During an appearance on MSNBC on Monday, Anthony Fauci said a Covid-19 vaccine requirement for domestic air travel “should seriously be considered.”
Fauci argued that the justification for such a sweeping rule has grown amid the rise of the Omicron variant and given the precedent of recent restrictions that bar the unvaccinated from employment, patronizing certain business, and other activities.
“If you’re talking about requiring vaccination to get on a plane domestically, that is just another one of the requirements that I think is reasonable to consider. . . . There’s requirements if you want to get into college, or you want to go to a university, or if you want to work in certain places,” he said, referring to existing mandates already in place at various institutions and localities. “When you make vaccination a requirement, that’s another incentive to get more people vaccinated.”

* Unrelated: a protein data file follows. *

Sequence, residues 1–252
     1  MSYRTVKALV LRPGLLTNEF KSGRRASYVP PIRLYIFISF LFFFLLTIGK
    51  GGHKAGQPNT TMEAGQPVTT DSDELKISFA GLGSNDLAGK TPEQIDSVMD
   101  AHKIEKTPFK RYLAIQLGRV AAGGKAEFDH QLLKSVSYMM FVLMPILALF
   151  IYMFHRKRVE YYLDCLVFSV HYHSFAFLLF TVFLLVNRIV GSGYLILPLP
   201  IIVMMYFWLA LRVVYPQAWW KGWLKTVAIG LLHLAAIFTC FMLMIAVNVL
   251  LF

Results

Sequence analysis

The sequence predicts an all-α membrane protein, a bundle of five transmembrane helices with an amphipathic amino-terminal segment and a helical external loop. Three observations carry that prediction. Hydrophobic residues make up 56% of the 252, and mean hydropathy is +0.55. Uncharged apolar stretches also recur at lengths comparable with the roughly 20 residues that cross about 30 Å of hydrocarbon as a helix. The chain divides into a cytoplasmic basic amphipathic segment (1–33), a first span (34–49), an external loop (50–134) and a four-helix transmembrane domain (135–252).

As another wave of Covid-19 sweeps the nation, many political leaders are reverting to emergency invocations and tapping into the panic to enact more public-health orders, such as far-reaching vaccine and mask mandates. For example, Washington, D.C., mayor Muriel Bowser recently announced that children ages twelve and up must be fully inoculated to attend public school. That directive also includes a vaccine mandate for kids and adults to enter restaurants, recreational venues and athletic facilities, and a variety of other indoor settings, which New York City, Los Angeles, and Chicago had implemented previously.
The scientific evidence, however, does not appear to support the hysteria and testing rush-to-the counter that’s consuming places such as New York City, where Omicron cases have reached extremely high levels in the last couple of weeks. A mutated strain, Omicron so far has caused mild cold-like symptoms such as congestion, sore throat, and muscle aches in those who have contracted it. As the virus weakens, leading to less hospitalization and fatality, and herd immunity hastens given Omicron’s high transmissibility, it may be harder for public-health experts to argue that mandates are needed to “protect” people from serious infection.